Fluvial-Coastal Interaction and Strandplain Evolution
Duncan M. FitzGerald (Boston University), William J. Cleary (UNC-Wilmington), Antonio H. da F. Klein (Federal University of Santa Catarina, Brazil), Rodolfo Angulo (Federal University of Paraná, Brazil)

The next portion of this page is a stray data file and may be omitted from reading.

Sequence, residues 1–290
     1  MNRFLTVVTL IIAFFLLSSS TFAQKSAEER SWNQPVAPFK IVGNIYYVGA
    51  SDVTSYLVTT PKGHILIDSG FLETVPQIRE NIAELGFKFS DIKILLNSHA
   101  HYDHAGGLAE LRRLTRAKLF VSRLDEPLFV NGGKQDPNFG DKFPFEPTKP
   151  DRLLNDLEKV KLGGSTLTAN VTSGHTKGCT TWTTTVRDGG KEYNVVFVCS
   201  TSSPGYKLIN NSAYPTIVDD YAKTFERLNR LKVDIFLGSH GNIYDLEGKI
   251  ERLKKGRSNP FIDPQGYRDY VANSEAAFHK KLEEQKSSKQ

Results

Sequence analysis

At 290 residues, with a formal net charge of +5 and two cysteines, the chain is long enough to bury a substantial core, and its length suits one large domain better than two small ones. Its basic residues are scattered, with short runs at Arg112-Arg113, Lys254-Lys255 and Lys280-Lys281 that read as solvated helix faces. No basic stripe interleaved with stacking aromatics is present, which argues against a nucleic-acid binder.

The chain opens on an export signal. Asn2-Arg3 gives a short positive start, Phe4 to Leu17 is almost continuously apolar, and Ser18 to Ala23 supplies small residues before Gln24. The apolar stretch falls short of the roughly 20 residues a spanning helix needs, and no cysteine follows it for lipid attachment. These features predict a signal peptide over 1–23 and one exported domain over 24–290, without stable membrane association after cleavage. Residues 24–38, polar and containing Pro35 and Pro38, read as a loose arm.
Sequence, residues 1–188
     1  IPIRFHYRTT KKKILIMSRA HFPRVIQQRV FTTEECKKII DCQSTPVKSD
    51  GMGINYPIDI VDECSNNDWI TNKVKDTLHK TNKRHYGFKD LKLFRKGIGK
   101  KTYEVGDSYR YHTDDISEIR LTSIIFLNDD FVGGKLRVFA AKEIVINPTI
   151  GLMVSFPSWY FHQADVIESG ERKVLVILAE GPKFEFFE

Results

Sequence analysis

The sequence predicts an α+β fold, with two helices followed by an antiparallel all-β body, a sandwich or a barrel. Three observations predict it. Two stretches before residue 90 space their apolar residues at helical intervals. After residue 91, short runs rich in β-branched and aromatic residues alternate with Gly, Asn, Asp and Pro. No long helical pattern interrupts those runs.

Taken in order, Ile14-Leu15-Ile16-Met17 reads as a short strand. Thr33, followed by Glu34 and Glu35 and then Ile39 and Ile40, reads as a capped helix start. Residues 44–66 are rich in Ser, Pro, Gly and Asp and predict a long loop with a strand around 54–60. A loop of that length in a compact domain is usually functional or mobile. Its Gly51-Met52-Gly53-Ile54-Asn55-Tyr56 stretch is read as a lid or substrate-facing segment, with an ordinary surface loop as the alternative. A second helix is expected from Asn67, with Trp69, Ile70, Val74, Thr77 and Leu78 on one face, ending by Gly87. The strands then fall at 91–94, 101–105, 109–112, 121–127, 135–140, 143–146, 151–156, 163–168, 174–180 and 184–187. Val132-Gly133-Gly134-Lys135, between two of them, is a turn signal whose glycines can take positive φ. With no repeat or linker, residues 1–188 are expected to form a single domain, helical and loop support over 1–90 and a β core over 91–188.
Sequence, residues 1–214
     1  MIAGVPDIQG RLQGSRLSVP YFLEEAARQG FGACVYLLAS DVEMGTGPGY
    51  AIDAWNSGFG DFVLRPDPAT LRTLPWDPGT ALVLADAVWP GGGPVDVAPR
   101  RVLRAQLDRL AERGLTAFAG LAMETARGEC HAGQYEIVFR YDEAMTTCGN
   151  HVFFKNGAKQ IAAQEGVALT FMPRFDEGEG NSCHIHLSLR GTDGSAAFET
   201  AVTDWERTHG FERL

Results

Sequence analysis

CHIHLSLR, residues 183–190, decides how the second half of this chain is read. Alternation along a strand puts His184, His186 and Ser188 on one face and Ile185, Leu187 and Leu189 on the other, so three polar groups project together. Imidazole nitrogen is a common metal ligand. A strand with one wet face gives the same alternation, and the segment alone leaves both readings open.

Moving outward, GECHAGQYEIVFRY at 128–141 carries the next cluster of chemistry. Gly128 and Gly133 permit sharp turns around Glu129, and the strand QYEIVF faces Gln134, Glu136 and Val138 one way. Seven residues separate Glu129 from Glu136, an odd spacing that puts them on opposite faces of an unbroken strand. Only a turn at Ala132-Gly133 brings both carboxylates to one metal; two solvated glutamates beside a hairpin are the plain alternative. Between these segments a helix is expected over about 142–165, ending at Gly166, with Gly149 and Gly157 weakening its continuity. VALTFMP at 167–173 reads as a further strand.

Much of the eastern seaboard of South America has experienced relative sea-level fall over the past 5,000 years, however as this trend has recently changed to that of sea-level rise, many coastal regions are faced with unprecedented trends of erosion and sediment loss. As an integral part of the project aimed to understand the evolution of coastal strandplains in southern Brazil and to identify signatures of past erosional events, an international team of researchers conducted fieldwork in November 2004. This effort, partially funded by the Independent Study Award, provided the first set of high-resolution geophysical (ground-penetrating radar; GPR) profiles and radiocarbon dates from this part of the country as part of a larger effort to understand the interplay between climate, sediment supply, oceanographic processes, and coastal behavior. The resulting dataset is one of the first comprehensive field studies in this part of South America and the analysis and interpretation of the data are crucial for further development of collaborative projects. As part of the field program, more than 35 km of surveys were collected, including: Tijucas strandplain (25 km), Navegantes strandplain (4.5 km), Itapocú barrier spit (4.0 km), Camboriú Peninsula beaches (2.5 km). The GPR images were ground-truthed with more than twenty sediment cores to provide information on the geology of coastal deposits and to collect samples for radiocarbon dating. The images revealed contrasting styles of deposition between Tijucas and Navegantes plains, with the former having steeper nearshore slopes and coarse-grained sediment fluxes. Furthermore, there is a temporal change at the Tijucas plain from sand-dominated, high-energy coast to a mud-dominated plain. One of the questions was the cause (natural vs. human-induced) of this switch in sedimentary regime. Two new dates indicate that: 1) the switch to mud-dominated conditions at Tijucas occurred ~1,200 years ago and is thus the result of non-anthropogenic causes; and 2) the formation of lagoons at Navegantes coastal plain ca. 1,300 years ago, with subsequent progradation (seaward growth) of the shoreline averaging 1 m/yr. This database will be compared to the most recent shoreline changes in the two regions. Further radiocarbon and optical dating will be used to constrain the key depositional episodes at a number of locations in southern Brazil. Along with reconstructing the depositional history of coastal plains, erosional signatures are the focus of the present and future studies. A powerful storm considered one of the first hurricanes in Brazil, which made landfall in the study area in March 2004, underscored the vulnerability of she shoreline to wave-induced erosion, especially when combined with the recent trends of accelerated sea-level rise. In order to understand the impact and recurrence intervals of such events, it is necessary to extend the very limited instrumental records of coastal change into prehistory. The overall regime of seaward growth of coastal plains during falling sea level provides an ideal setting for preserving within these beach deposits the signatures of coastal erosion by South Atlantic storms and rainfall-induced runoff. Some of the findings of the present study were incorporated into a recent proposal to the Coastal Ocean Institute as part of the effort to establish long-term records of coastal erosion in the Southern Hemisphere. In this proposal, the erosional signatures revealed in subsurface images from southern Brazil will be used to guide the sampling strategy for optical dating of beach sands. These data will be compared to storm and tsunami deposits along the active margins in order to compare the geological signatures of extreme events.